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January 10, 2005
Scientists See Matter Circling Black Hole at Breakneck Speed
UMBC Joint Center for Astrophysics scientists and their colleagues at Oxford University used a speed-gun technique typical of the highway patrol to clock three separate clumps of hot iron gas whipping around a black hole at 20,000 miles per second, over 10 percent of light speed.
The observation, made with the European Space Agency's XMM-Newton satellite, marks the first time scientists could trace individual blobs of shredded matter on a complete journey around a black hole. This provides a crucial measurement that has long been missing from black hole studies: an orbital period. Knowing this, scientists can measure black hole mass and other characteristics that have long eluded them.
Dr. Jane Turner, jointly affiliated with NASA Goddard Space Flight Center and the Joint Center for Astrophysics (JCA) at the University of Maryland Baltimore County (UMBC), presented this result today at a press conference at the American Astronomical Society in San Diego. Her co-presenter is Dr. Lance Miller of Oxford University.
"For years we have seen only the general commotion caused by massive black holes, that is, a terrific outpouring of light," said Turner. "We could not track the specifics. Now, with XMM-Newton, we can filter through all that light and find patterns that reveal information about black holes never seen before in such clarity."
Dr. Miller noted that if this black hole were placed in our Solar System, it would appear like a dark abyss spread out nearly as wide as Mercury's orbit. And the three clumps of matter detected would be as far out as Jupiter. They orbit the black hole in a lightning-quick 27 hours (compared to the 12 years it takes Jupiter to orbit the Sun).
Black holes are regions in space so dense that gravity prevents all matter and light from escaping. What scientists see is not the black hole itself but rather the light emitted close to it as matter falls towards the black hole and heats to high temperatures.
Turner's team observed a well-known galaxy named Markarian 766, about 170 million light years away in the constellation Coma Berenices (Bernice's Hair). The black hole in Markarian 766 is relatively small although highly active. Its mass is a few million times that of the Sun; other central black hole systems are over 100 million solar masses.
Matter funnels into this black hole like water swirling down a drain, forming what scientists call an accretion disk. Flares erupt on this disk most likely when magnetic field lines emanating from the central black hole interact with regions on the disk.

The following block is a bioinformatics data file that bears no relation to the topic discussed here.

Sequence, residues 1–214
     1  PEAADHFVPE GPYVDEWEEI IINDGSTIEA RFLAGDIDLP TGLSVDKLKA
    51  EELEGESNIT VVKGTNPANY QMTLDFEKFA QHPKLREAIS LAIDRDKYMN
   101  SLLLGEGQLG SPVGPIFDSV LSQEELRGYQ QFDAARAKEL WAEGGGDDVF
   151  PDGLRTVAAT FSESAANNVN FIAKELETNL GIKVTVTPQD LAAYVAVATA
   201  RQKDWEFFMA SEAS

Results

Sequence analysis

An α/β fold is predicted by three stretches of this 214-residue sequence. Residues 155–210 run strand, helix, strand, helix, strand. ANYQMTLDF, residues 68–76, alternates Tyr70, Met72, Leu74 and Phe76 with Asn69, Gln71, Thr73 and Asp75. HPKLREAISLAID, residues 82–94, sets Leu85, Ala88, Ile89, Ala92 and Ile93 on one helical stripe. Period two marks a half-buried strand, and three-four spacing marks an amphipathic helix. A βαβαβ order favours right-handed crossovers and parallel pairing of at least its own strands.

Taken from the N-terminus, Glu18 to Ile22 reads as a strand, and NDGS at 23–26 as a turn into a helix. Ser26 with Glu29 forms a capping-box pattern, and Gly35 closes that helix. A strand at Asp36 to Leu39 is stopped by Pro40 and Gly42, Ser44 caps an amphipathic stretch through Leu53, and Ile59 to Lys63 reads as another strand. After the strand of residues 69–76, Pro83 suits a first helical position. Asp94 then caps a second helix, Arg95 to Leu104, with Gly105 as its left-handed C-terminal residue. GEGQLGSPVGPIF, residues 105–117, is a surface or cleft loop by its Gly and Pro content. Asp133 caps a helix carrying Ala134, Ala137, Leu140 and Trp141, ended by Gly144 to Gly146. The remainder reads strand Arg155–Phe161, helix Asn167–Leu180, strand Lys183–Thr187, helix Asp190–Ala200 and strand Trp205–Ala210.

"Calculating the flares' speeds and the black hole mass was straightforward, based on Doppler shifting, the technique used by law officers to nab speeders." said Dr. Ian George of UMBC's JCA and NASA Goddard, a co-author on a scientific journal article the team has prepared. "Light appears to rise in energy as an object moves towards us and then fall in energy as it moves away. A similar phenomenon happens with the sound of a passing car on a highway, going 'eeeeeeyyoool.'"
"We think we're viewing the accretion disk at a slightly tilted angle, so we see the light from each of these flares rise and fall in energy as they orbit the black hole," Miller said.
When the scientists made a graph of energy (on the y-axis) and time (on the x-axis), they saw near-perfect sinusoidal curves from each of the three clumps of matter they observed. The width, or period, of the curves is proportional to black hole mass. The height of the curves is related to the viewing angle of the accretion disk. With a known mass and orbital period, the scientists could determine velocity using relatively simple Newtonian physics.
Two factors made the measurement possible. The scientists observed particularly persistent flares during a long observation, nearly 27 hours. Also, "no telescope before XMM-Newton has had the light-collecting power to allow for a comparison of energy over time," said Dr. James Reeves of NASA Goddard, also part of the team.
Turner said this observation confirms a preliminary XMM-Newton result announced by a European team in September -- that something as detailed as an orbital period could be detected with the current generation of X-ray telescopes. The combination of results indicates that scientists, given long observation times, are now able to make careful black hole measurements and even test general relativity in the domain of extreme gravity.
Posted by dwinds1 at January 10, 2005 12:00 AM